Hi Mildred, great comment, thank you! I will be 72 in January, it’s a way of life for us, Mildred. I can’t drink the water tap water either. I don’t trust the quality. I just moved so I need to go get a Reverse Osmosis unit for this house ASAP. I have had workers look at my food storage sometimes when I have had repairs on the house and they ask me the same thing. All you need to do is listen to the news and everyone should be stocking up. Stay safe, and good luck with your foot surgery! Yay for having water delivered each month! Linda

  • October 30, 2021 at 1:46 am

    Another couple things you might add to the list is a portapotty, It’s a chair with a pan under it. Lots of older people will not be able to go outside to go to the bathroom. Another thing is a manual wheel Chair. If my carts can’t be charged I am stuck. I want to get a good sturdy regular wheel chair because like I said if my chairs can’t be charged then I would be stuck. Finally If a person is dependent on oxygen they should see if they can get them through the company that supplies their oxygen machine. VA approved me for 12 tanks and we were really thankful when we were without power for 3 weeks when our line went out. A generator is a great suggestion also. The Generac company has a generator that is run on gasoline, one that will run on natural gas or propane and one that is a Solar system that you can use even when you don’t need it. It has 2 large batteries and it will run your house a long time.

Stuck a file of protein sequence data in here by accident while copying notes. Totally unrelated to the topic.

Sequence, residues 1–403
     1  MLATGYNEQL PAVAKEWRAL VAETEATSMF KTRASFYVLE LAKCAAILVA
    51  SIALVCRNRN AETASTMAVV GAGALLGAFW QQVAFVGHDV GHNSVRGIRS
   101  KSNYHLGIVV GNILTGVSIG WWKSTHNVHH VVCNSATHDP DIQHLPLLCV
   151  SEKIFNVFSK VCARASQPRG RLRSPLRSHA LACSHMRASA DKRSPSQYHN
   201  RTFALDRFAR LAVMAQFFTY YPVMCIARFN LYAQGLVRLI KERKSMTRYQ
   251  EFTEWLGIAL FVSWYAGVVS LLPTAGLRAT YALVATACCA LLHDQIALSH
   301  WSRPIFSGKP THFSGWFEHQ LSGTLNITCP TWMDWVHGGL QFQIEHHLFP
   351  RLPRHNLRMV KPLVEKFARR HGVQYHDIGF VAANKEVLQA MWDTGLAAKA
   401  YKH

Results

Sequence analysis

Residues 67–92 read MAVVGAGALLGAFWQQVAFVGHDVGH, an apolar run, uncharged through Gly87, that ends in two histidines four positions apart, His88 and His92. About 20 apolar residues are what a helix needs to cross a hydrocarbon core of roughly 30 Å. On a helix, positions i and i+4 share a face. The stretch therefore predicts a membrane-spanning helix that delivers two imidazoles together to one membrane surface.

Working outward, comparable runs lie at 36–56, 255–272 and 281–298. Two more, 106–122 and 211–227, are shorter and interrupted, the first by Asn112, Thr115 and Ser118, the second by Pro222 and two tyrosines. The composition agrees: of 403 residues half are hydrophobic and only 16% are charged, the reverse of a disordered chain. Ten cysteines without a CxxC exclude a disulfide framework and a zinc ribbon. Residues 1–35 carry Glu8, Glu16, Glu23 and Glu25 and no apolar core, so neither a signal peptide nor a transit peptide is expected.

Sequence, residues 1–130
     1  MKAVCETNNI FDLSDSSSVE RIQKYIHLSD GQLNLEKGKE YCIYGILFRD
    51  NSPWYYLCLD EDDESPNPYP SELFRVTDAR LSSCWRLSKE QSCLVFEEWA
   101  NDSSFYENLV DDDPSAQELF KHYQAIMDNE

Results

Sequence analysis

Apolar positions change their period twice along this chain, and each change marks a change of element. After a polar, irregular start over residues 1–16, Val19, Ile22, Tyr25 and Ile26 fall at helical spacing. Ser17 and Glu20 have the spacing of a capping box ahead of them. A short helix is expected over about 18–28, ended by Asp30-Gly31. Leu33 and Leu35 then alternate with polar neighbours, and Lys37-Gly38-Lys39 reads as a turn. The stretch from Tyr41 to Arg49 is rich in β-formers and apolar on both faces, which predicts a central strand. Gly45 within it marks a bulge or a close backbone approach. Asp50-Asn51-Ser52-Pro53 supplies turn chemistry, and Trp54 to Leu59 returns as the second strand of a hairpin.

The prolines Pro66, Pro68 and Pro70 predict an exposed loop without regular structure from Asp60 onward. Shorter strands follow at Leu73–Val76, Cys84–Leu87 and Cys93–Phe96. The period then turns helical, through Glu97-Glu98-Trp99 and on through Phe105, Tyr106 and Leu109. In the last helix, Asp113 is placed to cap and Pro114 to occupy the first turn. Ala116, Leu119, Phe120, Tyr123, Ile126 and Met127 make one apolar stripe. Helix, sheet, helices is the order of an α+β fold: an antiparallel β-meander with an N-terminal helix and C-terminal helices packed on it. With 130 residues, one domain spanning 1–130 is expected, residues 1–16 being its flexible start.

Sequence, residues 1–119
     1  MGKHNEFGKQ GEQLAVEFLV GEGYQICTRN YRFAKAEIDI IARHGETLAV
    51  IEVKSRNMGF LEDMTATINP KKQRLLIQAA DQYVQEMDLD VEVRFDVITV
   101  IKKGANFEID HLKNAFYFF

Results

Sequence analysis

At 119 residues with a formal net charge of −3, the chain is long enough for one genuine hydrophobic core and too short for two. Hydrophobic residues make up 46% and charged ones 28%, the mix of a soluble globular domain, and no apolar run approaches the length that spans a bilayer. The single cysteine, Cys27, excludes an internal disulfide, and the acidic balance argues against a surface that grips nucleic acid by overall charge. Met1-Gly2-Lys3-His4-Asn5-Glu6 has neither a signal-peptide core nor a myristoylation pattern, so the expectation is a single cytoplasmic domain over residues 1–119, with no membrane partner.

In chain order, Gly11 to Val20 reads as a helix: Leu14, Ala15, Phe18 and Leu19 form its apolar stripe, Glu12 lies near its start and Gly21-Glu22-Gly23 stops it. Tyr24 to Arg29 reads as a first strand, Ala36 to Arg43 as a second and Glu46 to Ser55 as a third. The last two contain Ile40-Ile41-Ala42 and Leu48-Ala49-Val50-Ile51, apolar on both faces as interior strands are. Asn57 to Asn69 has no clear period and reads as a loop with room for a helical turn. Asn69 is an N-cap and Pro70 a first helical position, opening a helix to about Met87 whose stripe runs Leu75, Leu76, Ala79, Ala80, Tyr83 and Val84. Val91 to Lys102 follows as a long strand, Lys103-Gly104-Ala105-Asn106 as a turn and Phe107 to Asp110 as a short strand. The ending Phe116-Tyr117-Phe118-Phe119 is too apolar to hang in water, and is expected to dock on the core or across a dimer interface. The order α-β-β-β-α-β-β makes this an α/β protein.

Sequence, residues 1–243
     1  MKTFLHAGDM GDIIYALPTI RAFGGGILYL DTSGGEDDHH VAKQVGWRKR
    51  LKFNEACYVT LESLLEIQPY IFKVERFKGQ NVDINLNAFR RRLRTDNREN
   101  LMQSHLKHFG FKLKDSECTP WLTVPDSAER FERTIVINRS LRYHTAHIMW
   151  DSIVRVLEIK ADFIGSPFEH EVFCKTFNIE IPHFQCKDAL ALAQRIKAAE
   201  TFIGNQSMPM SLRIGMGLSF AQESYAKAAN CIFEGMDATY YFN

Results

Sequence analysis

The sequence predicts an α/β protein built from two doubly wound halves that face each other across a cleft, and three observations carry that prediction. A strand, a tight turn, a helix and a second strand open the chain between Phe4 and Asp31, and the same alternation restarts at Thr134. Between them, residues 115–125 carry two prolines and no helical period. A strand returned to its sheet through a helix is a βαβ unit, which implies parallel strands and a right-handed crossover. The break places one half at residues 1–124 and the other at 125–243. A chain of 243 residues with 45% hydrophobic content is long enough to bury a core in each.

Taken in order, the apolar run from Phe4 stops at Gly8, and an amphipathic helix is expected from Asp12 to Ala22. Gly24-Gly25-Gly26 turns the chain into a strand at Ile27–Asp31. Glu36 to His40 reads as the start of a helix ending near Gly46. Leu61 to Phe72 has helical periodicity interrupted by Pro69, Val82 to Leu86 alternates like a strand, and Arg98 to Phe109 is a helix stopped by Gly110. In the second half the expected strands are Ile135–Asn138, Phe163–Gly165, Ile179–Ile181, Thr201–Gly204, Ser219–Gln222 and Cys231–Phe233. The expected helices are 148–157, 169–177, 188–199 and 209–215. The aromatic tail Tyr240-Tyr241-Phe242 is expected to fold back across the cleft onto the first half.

• October 30, 2021 at 4:47 am

      Hi Jackie, great comment with some really good ideas. I’m so glad you were approved for 12 tanks, oh my gosh, what a blessing. I’m adding the porta-potty, a great reminder. We are so dependent on power, we must be ready for outages. No power for 3 weeks, thank goodness you had the tanks. Stay well, stay safe, Linda

  • October 31, 2021 at 8:59 pm

    One I saw recently:
    “It’s weird, being the same age as old people!”

    Having stayed at home with my parents, I saw their aging process in pretty close detail. You’ve hit pretty much everything! I might add keeping a cane or two–all it takes is a bit of balance loss or a or wrenched joint, or some bad weather, and the cane is mighty useful (walking poles are another option). I’ve also been very grateful I kept their wheelchair–we had it immediately available when my husband needed it.

    This isn’t a material prep, but if there is any medical tool that needs electricity, or age-related hardship due to loss of power, let the power company know. My dad was on oxygen, and having him on record with the power company meant that he would come up as a priority if our power went out.

    One final idea that graphically points up the need for some of these preps you’ve listed… Read the book “One Second After.”

    • November 1, 2021 at 12:09 pm

      Hi Rhonda, good idea, I didn’t know we could do that with the power company! Thank you! Linda “One Second After” and “Lights Out” if they don’t open up someone’s eyes nothing will! Linda